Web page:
‘Coloradans deserve to know who is trying to influence their vote and how they are trying to do it…’
(Ben Sellers, Liberty Headlines) After talking up the importance of transparency in her public statements, Colorado‘s secretary of state is now being sued for attempting to skirt the state’s open record’s laws regarding a recent push to ban the Electoral College.
In March, the once battleground Colorado, newly radicalized, joined other blue states in passing legislation that would support the “national popular vote” movement.
In theory, should the number of states in accord pass the 270 mark needed to win the majority of electoral votes, the states would all agree to support the winner of the nationwide popular vote rather than their statewide winner.
Critics have noted that the discrepancies in rules between various states over matters such as ballot harvesting and how elections are administered would almost certainly result in court challenges and disfranchisement.
The more cynical have observed that it appears to be a clear ploy by sour-grapes left-wingers to re-write the rules since they cannot be elected through the constitutionally established means.
While Colorado’s General Assembly was considering the NPV bill—which it ultimately passed and was signed by Gov. Jared Polis—newly elected liberal Secretary of State Jena Griswold testified before the state legislature in favor of it.
That testimony prompted the Washington Free Beacon to request the communications between Griswold and other state officials with organizers of the national movement under the state’s open records act, known as CORA.
Griswold’s office only released the records selectively, however, and upon prompting acknowledged through a legal analyst that it had retained some of them, citing “work product” protections, which would apply to materials prepared in anticipation of litigation.
On Thursday, Judicial Watch announced that Griswold’s office would, indeed, be getting the litigation it sought, in the form of an open-records lawsuit.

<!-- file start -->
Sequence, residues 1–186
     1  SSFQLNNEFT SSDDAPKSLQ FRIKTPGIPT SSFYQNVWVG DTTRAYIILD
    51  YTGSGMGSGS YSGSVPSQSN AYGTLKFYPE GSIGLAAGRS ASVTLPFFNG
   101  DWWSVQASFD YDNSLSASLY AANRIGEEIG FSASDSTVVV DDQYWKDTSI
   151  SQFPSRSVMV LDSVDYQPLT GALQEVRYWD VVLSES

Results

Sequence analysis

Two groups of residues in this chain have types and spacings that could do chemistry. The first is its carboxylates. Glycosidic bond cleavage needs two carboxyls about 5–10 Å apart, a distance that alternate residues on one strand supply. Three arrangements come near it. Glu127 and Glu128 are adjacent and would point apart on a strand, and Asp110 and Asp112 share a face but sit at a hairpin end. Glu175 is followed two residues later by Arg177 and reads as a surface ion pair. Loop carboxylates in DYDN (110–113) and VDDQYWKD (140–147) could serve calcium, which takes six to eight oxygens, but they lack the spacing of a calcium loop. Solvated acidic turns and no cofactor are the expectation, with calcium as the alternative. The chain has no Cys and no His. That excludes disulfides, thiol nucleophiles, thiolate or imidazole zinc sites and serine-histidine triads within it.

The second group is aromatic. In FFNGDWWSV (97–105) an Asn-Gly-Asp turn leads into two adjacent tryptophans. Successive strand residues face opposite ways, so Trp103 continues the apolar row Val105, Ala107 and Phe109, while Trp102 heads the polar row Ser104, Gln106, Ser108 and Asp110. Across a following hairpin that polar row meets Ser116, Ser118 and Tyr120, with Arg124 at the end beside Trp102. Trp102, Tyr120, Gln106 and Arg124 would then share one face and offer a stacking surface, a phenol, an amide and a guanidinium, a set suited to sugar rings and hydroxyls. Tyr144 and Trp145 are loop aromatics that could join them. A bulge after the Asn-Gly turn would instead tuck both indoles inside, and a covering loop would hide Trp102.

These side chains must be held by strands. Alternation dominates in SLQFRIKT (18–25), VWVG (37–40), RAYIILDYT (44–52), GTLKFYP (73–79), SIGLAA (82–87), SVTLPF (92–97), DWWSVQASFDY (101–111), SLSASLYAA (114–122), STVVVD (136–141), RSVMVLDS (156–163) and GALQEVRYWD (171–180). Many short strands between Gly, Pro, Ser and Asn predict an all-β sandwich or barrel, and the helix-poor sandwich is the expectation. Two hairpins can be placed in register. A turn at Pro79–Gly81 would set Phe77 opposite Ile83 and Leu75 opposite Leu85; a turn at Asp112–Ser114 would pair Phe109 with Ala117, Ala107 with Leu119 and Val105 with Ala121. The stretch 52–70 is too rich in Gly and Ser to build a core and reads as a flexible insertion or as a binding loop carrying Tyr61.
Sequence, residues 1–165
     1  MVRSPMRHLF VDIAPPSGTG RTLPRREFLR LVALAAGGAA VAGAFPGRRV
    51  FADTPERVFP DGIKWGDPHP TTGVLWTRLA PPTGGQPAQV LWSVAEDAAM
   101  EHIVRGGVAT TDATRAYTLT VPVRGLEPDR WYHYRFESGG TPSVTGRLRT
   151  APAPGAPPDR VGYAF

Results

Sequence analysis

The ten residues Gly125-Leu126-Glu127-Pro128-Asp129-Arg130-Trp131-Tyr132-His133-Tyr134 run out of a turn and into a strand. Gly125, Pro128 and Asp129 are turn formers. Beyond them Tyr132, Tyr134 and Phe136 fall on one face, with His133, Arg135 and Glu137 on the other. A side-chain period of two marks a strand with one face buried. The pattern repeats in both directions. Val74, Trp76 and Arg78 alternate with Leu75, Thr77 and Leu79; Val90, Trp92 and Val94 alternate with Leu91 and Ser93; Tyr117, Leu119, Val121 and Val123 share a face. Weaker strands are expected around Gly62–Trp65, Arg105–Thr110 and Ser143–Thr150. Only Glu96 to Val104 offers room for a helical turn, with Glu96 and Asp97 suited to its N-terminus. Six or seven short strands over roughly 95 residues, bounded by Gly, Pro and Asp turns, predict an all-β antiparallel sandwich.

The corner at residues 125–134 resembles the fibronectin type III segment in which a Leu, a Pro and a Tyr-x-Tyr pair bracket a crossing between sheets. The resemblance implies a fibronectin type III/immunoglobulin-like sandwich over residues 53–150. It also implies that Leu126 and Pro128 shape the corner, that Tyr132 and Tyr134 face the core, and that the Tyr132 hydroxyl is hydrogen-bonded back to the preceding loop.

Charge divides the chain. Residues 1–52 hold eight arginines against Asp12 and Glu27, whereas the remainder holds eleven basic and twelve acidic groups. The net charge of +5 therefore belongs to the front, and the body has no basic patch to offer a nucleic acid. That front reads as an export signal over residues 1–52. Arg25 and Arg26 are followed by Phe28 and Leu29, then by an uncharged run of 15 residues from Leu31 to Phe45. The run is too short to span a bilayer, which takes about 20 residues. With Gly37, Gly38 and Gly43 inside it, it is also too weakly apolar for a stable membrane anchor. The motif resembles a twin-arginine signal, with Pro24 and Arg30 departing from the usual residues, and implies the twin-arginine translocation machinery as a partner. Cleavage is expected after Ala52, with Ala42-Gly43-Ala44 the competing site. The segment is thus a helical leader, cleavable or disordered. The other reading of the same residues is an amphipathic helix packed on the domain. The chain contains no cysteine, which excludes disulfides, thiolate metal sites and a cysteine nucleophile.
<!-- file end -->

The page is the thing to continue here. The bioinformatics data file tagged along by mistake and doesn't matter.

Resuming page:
Judicial Watch President Tom Fitton said the Left had good reason for wanting to suppress the behind-the-scenes mechanisms and motives of its play at the national electoral system.
“Leftists in Colorado and other states want to undo the Electoral College and the U.S. Constitution in the hopes of guaranteeing control of the presidency,” Fitton said.
“This attack on the Electoral College would give large left-leaning states and voter fraud an unconstitutionally outsized impact on the outcome of our presidential elections,” he said.
Ironically, the Free Beacon reported that, prior to her own office coming under fire, Griswold had given considerable lip service to the need for greater transparency in government and elections.
Citing testimony published on her own office’s website, the paper said Griswold had previously denounced “secret political spending,” declaring that “Coloradans deserve to know who is trying to influence their vote and how they are trying to do it.”
Ironically, she called for a consistent and unified set of election rules to be established—the opposite of what would result if the NPV compact were to take effect.
“There will be some Democrats and some Republicans who will say they have concerns about more transparency,” Griswold said.
“But I believe that the majority of us here can agree that transparency is good for democracy and we can do more,” she said. “Campaign finance reform is about making sure that everyone plays by the same set of rules; it’s about giving voters the facts.”